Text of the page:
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The mini-series culminates in ‘Collision Course’, again by Guy Adams, with plot threads involving temporal distortions from the separate tales coming together in this climax. Back on Gallifrey, President Romana (Lalla Ward) and Leela (Louise Jameson) find themselves troubled by the memories of both visiting the exact same planet at different times with the Doctor (Tom Baker) and having vivid memories of their own deaths. Time is collapsing, and reality threatens to unravel as they work to stop a cataclysmic event which may already have happened, or still be happening.

Luckily, their best man is on the job – or several of him are, anyway. As you may well expect, we get some worthy inter-Doctor banter, with his various selves ribbing each other over everything from their dress sense, to their navigational skills. There’s also a genuine, punch-the-air moment which feels totally earnt and, with hindsight, absolutely the right thing to do; the fact it comes totally out of left field makes it all the sweeter, and is truly the icing on the cherry on an already well stacked and delicious cake. In fact, it’s so spectacular a moment, it earns an extra star all by itself. You can’t fault Big Finish for living up to its name.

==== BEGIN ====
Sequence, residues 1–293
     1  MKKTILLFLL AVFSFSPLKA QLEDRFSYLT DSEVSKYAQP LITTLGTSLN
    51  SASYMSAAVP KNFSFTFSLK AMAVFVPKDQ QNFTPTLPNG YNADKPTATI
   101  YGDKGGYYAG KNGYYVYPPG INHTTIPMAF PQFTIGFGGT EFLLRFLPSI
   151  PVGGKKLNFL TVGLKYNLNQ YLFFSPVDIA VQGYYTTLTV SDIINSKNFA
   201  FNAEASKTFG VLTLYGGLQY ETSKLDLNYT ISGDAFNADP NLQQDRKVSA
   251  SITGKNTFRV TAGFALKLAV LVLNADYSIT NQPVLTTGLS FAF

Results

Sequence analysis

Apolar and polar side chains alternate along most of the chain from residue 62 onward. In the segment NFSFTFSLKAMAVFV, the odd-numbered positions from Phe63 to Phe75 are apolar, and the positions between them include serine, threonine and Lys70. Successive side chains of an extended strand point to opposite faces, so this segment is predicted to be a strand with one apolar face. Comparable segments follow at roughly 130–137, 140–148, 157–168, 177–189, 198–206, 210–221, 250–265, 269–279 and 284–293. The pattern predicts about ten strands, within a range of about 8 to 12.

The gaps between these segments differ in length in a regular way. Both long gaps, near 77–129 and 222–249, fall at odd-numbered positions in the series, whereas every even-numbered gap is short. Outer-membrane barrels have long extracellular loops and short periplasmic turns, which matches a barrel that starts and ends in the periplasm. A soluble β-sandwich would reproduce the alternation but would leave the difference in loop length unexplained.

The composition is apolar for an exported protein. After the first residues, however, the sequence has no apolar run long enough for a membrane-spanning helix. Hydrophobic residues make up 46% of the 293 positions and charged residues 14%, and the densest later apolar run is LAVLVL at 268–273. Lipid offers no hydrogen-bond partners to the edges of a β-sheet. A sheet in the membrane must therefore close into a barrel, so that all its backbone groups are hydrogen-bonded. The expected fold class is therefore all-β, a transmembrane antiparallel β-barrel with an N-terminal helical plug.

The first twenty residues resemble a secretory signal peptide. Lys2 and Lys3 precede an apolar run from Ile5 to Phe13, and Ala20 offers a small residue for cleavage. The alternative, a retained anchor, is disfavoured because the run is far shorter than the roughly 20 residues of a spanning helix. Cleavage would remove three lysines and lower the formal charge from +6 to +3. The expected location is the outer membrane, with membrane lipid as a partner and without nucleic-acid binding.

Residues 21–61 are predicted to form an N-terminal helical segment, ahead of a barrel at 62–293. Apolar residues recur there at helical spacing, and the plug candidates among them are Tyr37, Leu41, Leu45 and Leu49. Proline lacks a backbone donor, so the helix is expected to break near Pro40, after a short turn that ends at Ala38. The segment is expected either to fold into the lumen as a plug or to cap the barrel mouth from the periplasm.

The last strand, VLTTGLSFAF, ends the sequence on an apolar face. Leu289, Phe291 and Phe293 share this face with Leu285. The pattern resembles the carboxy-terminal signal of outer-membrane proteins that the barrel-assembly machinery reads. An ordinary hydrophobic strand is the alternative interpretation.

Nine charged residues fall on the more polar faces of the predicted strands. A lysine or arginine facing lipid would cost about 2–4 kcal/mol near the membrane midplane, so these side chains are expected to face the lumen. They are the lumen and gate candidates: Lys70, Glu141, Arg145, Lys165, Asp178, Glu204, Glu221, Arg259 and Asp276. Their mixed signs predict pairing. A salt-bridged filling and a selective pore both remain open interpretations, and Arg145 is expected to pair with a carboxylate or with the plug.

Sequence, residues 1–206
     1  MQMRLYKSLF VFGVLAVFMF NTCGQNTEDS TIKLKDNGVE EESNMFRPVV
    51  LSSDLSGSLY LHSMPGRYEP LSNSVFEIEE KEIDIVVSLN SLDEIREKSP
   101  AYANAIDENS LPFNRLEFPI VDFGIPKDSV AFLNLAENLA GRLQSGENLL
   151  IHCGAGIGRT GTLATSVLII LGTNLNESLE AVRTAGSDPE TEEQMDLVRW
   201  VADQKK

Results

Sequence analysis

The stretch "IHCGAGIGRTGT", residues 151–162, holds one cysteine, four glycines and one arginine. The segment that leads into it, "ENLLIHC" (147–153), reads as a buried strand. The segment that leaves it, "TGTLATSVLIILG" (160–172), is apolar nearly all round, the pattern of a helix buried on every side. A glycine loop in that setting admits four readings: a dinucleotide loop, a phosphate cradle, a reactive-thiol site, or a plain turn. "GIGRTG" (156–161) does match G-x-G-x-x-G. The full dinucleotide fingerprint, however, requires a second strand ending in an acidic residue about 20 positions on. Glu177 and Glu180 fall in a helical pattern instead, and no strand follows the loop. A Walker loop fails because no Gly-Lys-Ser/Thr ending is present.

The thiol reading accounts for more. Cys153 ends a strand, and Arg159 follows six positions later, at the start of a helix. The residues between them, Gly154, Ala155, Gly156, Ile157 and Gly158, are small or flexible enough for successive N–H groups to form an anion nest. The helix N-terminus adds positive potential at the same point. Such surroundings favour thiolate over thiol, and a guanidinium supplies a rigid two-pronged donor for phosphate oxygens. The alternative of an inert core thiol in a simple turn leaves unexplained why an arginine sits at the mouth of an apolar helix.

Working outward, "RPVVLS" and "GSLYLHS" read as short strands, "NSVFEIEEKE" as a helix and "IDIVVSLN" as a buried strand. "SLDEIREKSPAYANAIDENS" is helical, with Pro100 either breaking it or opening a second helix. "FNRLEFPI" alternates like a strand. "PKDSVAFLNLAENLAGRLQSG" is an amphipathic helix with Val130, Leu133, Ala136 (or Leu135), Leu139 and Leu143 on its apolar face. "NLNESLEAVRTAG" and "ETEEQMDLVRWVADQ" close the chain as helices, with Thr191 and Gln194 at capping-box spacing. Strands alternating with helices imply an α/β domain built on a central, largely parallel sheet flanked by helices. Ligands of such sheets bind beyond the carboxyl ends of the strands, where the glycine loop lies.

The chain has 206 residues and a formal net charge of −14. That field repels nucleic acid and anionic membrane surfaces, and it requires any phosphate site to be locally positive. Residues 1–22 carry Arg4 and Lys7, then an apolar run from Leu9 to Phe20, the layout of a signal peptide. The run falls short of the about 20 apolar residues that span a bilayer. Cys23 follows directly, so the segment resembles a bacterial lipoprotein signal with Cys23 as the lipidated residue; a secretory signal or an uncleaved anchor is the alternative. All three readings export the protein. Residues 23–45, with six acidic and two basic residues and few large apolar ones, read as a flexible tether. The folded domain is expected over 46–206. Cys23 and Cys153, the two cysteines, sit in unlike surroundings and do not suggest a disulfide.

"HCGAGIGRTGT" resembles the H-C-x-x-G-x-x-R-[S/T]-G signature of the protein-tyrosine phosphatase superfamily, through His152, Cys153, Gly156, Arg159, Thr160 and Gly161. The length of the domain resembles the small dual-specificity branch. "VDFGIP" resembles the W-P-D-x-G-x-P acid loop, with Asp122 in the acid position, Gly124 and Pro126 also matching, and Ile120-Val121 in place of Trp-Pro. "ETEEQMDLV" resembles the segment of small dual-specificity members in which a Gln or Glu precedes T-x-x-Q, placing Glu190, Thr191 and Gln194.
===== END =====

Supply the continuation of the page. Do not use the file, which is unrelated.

It’s a totally valedictory experience, and well worth all the hype. Full credit must go to Big Finish for coming full circle and continuing a story which they first started 20 years ago. Happy birthday, Big Finish. Same time in 2029?

Doctor Who – The Legacy of Time is available digitally and on audio CD now, exclusively from Big Finish.